My father used to make all kinds of insane liqueurs. I’m not quite sure of the technique, but it involved large jugs of the cheapest vodka, fruit of various types, sugar and exceedingly sketchy reclaimed liquor bottles. He’d label them in magic marker over the original labels, written in English and Chinese: pear, strawberry, peach and “pearch” (pear + peach). He would bring them out at the end of our dinner parties and offer tastes in the little crystal liqueur glasses my mom got on close out from one of the nice stores in town. For my twenty-first birthday I asked him to make me a batch of coffee liqueur, which he did. He didn’t make much because he didn’t care for coffee, but I remember it being good.
I don’t drink much coffee myself anymore, but my husband always has a number of bags of coffee floating around. Usually it’s the pre-ground stuff, but one time we ended up with a bag of whole beans. I think it was flavored, and included in a swag bag I got about a year ago from a speaking gig. We don’t have a coffee grinder and my husband despises flavored coffee. So the coffee festered in the back of the cupboard for a really long time. (Because we both come from hoarder stock and wouldn’t just pitch the dang beans).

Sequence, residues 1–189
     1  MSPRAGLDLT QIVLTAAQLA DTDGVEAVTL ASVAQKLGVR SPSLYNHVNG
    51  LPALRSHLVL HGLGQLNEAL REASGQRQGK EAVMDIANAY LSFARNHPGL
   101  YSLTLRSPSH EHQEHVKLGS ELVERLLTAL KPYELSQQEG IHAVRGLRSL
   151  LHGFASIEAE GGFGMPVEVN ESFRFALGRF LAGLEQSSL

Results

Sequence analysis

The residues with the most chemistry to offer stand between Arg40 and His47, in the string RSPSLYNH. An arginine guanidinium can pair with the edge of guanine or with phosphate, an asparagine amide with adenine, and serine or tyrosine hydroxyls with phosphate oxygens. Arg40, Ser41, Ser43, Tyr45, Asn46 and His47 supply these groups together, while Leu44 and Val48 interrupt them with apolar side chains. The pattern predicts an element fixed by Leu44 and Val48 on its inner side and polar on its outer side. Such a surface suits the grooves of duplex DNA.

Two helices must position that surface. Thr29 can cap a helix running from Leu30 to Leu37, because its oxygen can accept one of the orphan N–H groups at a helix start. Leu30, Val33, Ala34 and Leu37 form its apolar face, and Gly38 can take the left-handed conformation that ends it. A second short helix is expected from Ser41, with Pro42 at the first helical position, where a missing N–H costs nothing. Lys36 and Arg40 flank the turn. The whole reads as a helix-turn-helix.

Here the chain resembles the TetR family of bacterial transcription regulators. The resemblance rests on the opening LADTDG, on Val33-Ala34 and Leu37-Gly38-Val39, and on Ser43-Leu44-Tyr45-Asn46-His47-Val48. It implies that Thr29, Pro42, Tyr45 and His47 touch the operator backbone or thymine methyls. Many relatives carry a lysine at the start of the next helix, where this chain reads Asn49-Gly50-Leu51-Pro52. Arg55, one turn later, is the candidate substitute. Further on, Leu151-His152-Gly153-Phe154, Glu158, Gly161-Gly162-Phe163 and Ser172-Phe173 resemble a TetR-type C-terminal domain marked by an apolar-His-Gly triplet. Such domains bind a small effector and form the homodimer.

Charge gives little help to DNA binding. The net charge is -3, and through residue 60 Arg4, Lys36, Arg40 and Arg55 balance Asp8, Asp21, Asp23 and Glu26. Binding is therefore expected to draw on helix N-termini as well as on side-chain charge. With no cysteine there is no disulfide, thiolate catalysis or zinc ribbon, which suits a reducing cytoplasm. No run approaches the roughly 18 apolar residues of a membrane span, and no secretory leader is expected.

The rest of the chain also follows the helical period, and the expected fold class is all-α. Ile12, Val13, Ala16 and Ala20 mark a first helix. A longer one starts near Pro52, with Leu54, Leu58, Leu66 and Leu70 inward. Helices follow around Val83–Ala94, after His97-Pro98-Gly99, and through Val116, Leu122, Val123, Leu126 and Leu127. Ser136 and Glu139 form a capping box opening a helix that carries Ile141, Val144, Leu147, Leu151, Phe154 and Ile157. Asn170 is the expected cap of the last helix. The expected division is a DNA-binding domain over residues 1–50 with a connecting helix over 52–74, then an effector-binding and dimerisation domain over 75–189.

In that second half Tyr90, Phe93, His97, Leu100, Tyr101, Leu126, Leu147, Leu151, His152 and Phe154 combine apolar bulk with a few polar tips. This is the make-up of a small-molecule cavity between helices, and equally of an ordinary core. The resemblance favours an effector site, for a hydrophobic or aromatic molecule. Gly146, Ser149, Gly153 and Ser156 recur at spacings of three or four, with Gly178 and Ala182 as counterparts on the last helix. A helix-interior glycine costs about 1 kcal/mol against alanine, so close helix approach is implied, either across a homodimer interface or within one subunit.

I saw something on the internet recently that suggested a lot of people are trying a recipe for homemade Bailey’s this winter. I haven’t looked up the recipe, but yesterday as I was rooting around for something in my kitchen, I remembered the old coffee beans. I put them in some water and sugar and boiled them, added unsweetened cocoa powder and dumped them in a mason jar with more sugar. Then I poured “eau de vie” over them. I’ve decided to call moonshine (or slivovitz) “eau de vie” because it sounds fancier, but it’s all basically the same thing: distill your extra harvest and try not to poison yourself, your kin or your neighbors. And eau de vie was what I had on hand. My husband said the product was going to taste vile because all the good flavors had evaporated out of the beans. I figured that’s what sugar is for.
After 24 hours or so, I poured the mess through a coffee filter. Then I poured a cup or so of milk over it to get the dregs out into a separate glass. I decided against adding milk to the coffee liqueur, although I assume that these Bailey’s recipes call for milk (or half and half). The milk rinsed over the coffee beans came out very tasty (even my husband agreed). The coffee infusion is a bit thick and opaque, but it’s pretty good too: slightly fruity from the eau de vie, not to sweet and definitely coffee flavored. Not vile at all.